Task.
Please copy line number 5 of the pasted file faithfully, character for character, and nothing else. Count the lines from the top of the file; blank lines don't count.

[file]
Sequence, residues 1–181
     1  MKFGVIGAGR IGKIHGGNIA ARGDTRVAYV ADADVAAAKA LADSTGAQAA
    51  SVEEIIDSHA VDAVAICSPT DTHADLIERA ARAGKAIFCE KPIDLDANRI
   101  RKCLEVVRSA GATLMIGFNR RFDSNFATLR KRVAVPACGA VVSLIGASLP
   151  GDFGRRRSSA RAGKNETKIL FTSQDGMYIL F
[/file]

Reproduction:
   151  GDFGRRRSSA RAGKNETKIL FTSQDGMYIL F